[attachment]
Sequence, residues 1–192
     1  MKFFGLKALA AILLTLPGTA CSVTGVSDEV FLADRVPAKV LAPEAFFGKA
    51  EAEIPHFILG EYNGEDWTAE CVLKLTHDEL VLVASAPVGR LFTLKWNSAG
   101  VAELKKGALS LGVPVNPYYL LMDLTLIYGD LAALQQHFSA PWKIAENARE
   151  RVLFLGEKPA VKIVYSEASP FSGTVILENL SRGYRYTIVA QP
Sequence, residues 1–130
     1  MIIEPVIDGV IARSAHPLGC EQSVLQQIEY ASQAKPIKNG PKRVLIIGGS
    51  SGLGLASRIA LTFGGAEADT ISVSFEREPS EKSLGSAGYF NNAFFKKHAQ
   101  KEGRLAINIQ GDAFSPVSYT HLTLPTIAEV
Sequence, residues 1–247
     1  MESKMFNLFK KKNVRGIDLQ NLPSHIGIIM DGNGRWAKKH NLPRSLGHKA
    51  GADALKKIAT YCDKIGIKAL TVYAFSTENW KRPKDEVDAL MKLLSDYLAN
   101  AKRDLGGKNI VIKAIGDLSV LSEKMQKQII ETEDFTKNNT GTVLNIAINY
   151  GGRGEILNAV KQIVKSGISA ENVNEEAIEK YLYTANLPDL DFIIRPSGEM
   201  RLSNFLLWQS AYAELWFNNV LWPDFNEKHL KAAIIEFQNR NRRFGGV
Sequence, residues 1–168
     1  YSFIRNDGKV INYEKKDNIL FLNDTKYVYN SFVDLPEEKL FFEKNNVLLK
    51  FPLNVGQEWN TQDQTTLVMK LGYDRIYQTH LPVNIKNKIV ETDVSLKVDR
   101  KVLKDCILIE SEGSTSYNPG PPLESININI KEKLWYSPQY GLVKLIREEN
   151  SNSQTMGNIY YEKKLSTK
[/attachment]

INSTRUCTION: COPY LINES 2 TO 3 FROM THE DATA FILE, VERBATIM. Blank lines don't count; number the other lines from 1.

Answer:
     1  MKFFGLKALA AILLTLPGTA CSVTGVSDEV FLADRVPAKV LAPEAFFGKA
    51  EAEIPHFILG EYNGEDWTAE CVLKLTHDEL VLVASAPVGR LFTLKWNSAG